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Pious Princes Post by :svesty Category :Essays Author :Lydia H. Sigourney Date :November 2011 Read :3029

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Pious Princes

The pomp with which royalty is surrounded must be unfavourable to a right education. Its proud expectations are often destructive to humility, and its flatteries blind the mind to a knowledge of itself.

Yet History records a few instances, where the young heart has escaped these dangers, and chosen truth for its guide, and wisdom as its portion. Here and there, we find one, whom the possession of an earthly crown did not deter from the pursuit of that which is incorruptible and eternal.

Josiah, the king of Judah, was one of these rare examples. He was born about the year six hundred and thirty-three, before the Christian era, and at the early age of eight was called to succeed his father on the throne. The temptations of kingly power, which are so often a hindrance to piety, seemed rather to dispose his heart to its influence, for the sacred historian records that in the eighth year of his reign, while he was yet young, "he began to seek after the God of David his father."

The religion of this young prince of sixteen soon unfolded itself in earnest deeds; the overthrow of idolatry, the repair of the Holy Temple, and the establishment of laws for the welfare of his people and realm.

Modern history, also, describes some young heirs of royalty, whom it is pleasant to contemplate. Conspicuous among these is Edward VI. of England, who began his reign in 1547, at the age of nine years. His mother died almost immediately after his birth, and until he was nearly seven he was under the care of females, whose virtues and accomplishments were calculated to make the happiest impression on his character. Thus, by the grace of God, was laid the foundation of that deep, tender, and consistent piety, that marked his conduct through life, and left him, at death, an unblemished fame.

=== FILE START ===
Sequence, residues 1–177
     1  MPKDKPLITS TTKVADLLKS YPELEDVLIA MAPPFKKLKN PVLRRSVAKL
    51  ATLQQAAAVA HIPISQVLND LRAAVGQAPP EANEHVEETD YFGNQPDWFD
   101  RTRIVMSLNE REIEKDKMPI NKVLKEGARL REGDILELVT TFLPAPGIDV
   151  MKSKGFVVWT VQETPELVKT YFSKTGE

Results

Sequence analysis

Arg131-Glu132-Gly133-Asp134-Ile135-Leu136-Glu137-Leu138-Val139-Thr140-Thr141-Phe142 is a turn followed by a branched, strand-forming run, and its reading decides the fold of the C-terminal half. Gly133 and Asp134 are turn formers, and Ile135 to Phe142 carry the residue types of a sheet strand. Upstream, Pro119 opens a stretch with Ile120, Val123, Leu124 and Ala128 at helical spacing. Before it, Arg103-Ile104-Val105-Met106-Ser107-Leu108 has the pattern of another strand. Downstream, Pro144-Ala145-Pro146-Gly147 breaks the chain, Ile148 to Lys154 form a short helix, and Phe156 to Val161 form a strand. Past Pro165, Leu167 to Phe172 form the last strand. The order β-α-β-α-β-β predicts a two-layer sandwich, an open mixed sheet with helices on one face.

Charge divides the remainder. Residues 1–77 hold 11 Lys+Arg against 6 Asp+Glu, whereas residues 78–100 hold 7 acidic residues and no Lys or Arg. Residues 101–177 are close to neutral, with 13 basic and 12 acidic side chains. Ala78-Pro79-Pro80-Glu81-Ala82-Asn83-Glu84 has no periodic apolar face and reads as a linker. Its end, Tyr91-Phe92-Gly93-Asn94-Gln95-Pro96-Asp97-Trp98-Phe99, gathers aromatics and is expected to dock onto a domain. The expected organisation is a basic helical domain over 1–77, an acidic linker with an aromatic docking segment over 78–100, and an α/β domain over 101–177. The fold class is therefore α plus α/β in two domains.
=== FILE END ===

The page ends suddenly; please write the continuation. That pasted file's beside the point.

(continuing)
In early childhood he discovered strong powers of mind, and a conscientious heart. His reverence for the Scriptures was remarkable. Once, while playing with some infantine companions, he desired to reach an article that was considerably above their heads. So they moved a large book for him to stand upon. Scarcely had he placed his foot upon the covers when he saw it was the Bible. Instantly drawing back, he folded his arms around it and said seriously to his play-fellows, "Shall I trample under my feet that which God hath commanded me to treasure up in my heart?"

On his seventh birth-day he was placed under the tuition of learned men, to study such branches of knowledge as they considered best for him, among which were the Latin and French languages. He was docile to all their directions, and frequently expressed his gratitude for their instructions. Letters elegantly written in Latin, at the age of eight, to his father, Henry Eighth, Queen Catharine Parr, his mother-in-law, and the Earl of Hertford, his uncle, are preserved as curiosities in the annals of those times.

At his coronation, being then nine years old, three swords were laid before him to signify that he was the monarch of three separate kingdoms.

"There is another sword yet wanting," said the child-prince, "one more, the sword of the Spirit, which is the Word of God. Without that we are nothing, we can do nothing; we have no power. Through that, we are what we are, at this day. From that Book alone, we obtain all virtue and salvation, and whatever we have of divine strength."

Constancy and regularity in prayer was among his early traits of character. After he became a king, and was subject to the interruptions and temptations of a court, nothing could induce him to neglect his daily seasons of private devotion. One day, he was told, that Sir John Cheeke, who had given him lessons in Latin, when quite a young child, was dangerously sick. With deep solemnity on his countenance, he went to his stated retirement, and afterwards hearing that the physician had said there was little hope of his recovery, replied in the simple fervour of faith,